Scoping CSS Animations to Media Queries

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When coding my blog's redesigns, I think and design the site in device width stages, and in the following order:

  • Desktop:  all general styles, none wrapped in a media query
  • Tablet:  media query, roughly popular tablet widths
  • Phone:  media query, any width below tablet width
  • Print:  media query, mostly a bunch display: none

Since I focus on desktop and that platform is the most powerful, I generally end up adding CSS animation and transition properties to the global selectors.  While this works, a comment on CSS Animations Between Media Queries made me think otherwise:

For performance reasons, I often do exactly the opposite: scope animation css such that transitions only apply to wider widths...

He's right:  scoping your CSS animations and transitions to desktop, instead of removing those properties at smaller widths, is more maintainable and has to be more performant.  So here's how to do it:

.logo {
	width: 200px;
	height: 100px;
	display: block;
}

@media (min-width: 1024px) {
	/* Only do logo animation on desktop, otherwise don't bother */
	.logo {
		opacity: 0;
		transition: opacity 1s;
	}
	.logo.loaded {
		opacity: 1;
	}
}

The code isn't impressive but the idea is a great one, and not one I've used in the past.  We all think about making our sites look good on mobile but we need to consider another media query -- "desktop minimum".

I wouldn't consider this a case of "mobile first", which I don't subscribe to.  But specifying the scope of an animation or transition is a brilliant idea when it comes to performance!

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Discussion

  1. Great post! I’ve definitely limited complex animations to larger screens for performance’s sake more than once!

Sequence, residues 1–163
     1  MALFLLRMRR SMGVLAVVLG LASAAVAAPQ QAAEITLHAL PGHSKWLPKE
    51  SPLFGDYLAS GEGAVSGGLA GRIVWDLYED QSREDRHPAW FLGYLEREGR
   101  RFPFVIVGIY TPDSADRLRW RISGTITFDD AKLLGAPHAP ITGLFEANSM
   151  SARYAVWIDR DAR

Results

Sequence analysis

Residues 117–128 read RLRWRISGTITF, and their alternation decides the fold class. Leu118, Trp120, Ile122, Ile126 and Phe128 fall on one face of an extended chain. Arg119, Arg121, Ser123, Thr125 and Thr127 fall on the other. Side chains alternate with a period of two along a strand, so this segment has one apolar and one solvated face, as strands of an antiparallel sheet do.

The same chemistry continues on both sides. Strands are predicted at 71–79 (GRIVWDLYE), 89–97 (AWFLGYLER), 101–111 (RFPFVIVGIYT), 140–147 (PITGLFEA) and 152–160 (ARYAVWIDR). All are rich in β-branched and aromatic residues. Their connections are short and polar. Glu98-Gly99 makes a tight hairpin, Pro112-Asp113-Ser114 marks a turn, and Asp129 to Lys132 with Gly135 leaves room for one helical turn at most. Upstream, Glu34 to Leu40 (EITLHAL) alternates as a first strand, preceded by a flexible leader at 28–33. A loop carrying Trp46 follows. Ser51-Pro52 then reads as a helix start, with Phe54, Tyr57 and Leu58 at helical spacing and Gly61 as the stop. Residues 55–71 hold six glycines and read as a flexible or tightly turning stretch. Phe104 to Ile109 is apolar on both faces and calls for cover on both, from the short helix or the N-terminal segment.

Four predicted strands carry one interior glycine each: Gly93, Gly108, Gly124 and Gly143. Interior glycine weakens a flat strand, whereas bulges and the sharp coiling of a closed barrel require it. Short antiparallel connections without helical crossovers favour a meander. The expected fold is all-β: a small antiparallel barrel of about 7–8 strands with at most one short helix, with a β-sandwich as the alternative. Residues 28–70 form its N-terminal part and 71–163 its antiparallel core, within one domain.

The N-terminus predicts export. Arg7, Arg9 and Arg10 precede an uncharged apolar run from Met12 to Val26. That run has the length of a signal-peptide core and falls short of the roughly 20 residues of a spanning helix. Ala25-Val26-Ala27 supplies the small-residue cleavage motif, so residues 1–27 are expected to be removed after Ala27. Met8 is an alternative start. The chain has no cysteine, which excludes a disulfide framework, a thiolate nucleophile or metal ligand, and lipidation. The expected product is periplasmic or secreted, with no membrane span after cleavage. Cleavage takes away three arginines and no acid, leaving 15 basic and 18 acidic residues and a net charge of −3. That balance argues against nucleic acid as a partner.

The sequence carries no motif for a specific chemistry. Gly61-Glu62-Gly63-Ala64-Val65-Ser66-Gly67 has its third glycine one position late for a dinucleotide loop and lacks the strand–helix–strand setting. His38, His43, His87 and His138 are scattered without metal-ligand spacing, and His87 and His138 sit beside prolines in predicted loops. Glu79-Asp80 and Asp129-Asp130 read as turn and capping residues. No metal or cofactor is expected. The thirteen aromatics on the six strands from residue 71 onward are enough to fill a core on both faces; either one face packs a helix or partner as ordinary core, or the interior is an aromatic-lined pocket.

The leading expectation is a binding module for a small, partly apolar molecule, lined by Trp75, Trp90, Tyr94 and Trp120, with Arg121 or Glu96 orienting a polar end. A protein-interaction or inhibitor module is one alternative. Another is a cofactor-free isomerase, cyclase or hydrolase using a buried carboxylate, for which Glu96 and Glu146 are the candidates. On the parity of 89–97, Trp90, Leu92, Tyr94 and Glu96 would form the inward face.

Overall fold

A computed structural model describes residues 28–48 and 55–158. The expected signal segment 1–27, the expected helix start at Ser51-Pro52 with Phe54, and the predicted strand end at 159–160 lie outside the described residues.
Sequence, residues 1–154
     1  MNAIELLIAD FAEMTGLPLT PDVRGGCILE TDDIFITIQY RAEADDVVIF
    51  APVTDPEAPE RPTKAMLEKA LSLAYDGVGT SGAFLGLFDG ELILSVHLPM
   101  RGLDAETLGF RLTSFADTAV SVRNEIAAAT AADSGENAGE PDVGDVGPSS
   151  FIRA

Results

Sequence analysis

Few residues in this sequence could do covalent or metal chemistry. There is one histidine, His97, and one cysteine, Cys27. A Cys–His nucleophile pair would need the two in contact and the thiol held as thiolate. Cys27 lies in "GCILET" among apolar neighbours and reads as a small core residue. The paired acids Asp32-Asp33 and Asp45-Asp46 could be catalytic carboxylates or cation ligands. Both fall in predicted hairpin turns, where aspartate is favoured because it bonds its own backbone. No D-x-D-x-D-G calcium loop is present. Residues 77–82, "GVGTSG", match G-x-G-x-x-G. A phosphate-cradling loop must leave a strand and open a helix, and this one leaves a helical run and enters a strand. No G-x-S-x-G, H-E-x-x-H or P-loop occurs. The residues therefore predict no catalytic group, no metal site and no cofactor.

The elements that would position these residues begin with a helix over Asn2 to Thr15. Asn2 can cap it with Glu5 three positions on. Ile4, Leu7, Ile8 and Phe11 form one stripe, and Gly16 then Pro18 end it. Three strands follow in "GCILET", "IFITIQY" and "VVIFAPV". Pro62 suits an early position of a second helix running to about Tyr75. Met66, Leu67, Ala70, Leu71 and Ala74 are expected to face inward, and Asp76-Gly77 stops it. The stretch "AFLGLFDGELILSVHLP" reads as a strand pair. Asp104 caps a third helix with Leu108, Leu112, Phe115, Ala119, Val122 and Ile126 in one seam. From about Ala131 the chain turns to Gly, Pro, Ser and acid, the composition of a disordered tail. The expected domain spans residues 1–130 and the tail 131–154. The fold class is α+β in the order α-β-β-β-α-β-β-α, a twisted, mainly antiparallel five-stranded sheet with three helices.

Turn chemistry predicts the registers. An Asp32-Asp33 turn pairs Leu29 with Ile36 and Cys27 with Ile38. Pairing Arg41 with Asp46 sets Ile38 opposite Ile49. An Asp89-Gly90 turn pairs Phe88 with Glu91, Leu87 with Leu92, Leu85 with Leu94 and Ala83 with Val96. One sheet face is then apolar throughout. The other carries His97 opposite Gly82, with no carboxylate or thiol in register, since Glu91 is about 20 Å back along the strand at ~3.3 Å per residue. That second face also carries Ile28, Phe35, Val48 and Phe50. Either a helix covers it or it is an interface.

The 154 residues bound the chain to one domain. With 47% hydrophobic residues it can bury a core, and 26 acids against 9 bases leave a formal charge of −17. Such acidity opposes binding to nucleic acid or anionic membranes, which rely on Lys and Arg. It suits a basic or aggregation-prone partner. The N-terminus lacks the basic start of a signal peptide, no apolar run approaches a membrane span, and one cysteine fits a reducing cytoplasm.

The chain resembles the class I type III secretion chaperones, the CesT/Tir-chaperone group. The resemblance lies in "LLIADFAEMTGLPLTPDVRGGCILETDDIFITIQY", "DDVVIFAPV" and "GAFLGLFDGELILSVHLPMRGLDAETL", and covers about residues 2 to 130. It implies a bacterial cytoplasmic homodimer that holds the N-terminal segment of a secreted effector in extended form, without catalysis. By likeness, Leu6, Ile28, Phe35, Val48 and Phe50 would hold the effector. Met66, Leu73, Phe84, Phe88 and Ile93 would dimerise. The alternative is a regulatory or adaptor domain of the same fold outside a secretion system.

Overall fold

It’s probably a good idea to note that limiting *all* transitions/animations to desktop only isn’t necessary: especially if you’re being careful to only transition/animate “safe” properties (color, opacity, transform). That said, any transition/animation attached to scroll should probably be limited to desktop only (since mobile browsers aren’t entirely consistent with firing scroll events in real time). I’d be more inclined to detect that with Modernizr’s touch event than with screen size, though.

  2. This is a great idea, and easy to pull off with a media query mixin in Sass, something i’ll have to start doing with my future projects that use any animation :)

  3. MaxArt

    Yep, that’s how I usually do – when I’m not lazy, that is… *cough*

  4. Why does the screen resolution define the device type? You can have pretty high resolution on tablets (if you think outside of Apple products.)

    • First, are you suggesting that Apple’s tablets have a lower resolution than competing options? Apple introduced the whole “retina” resolution that is just now becoming popular in competing options.

      Second, resolution and screen size are not necessarily the same thing. You can have a very large screen with a very low resolution, or a very small screen with a high resolution.

  5. Drew

    It’s sort of the best we have to go on atm (until we get media queries relating to performance and network, which are, in fact, on their way!).

    It’s certainly not a given that a wide device has a lot of CPU/GPU horsepower and a thin one doesn’t, but imo a) it’s “good enough for government work” and b) the other thing about thinner devices is that there’s just not as much room for users to appreciate big multi-property layout effects anyhow, so targeting a few neat effects that are going to be right in focus is probably a better bang for your buck.

  6. JackBlackCH

    I think that thinking in “devices” in general is wrong.

    What is “mobile” nowadays? How many devices we have? A MacBook Air? A Samsung Tablet? A Macbook Pro in train? MS Surface? An iPhone7s Plus?

    I’d rather think in ranges: “small”, “medium”, “large” and “x-large”.
    In the end your content and then the design decides how you should define your viewports.

  7. In your post you said you “don’t subscribe to” the mobile first approach which is interesting and not something many people would own up to. I have felt the same for the last 3 years. It is hard though to reconcile that with Bootstrap which every team seems to want to use nowadays.

    That said, I’ve been using a ton of stuff lately that all falls into a 1200px and above media query.

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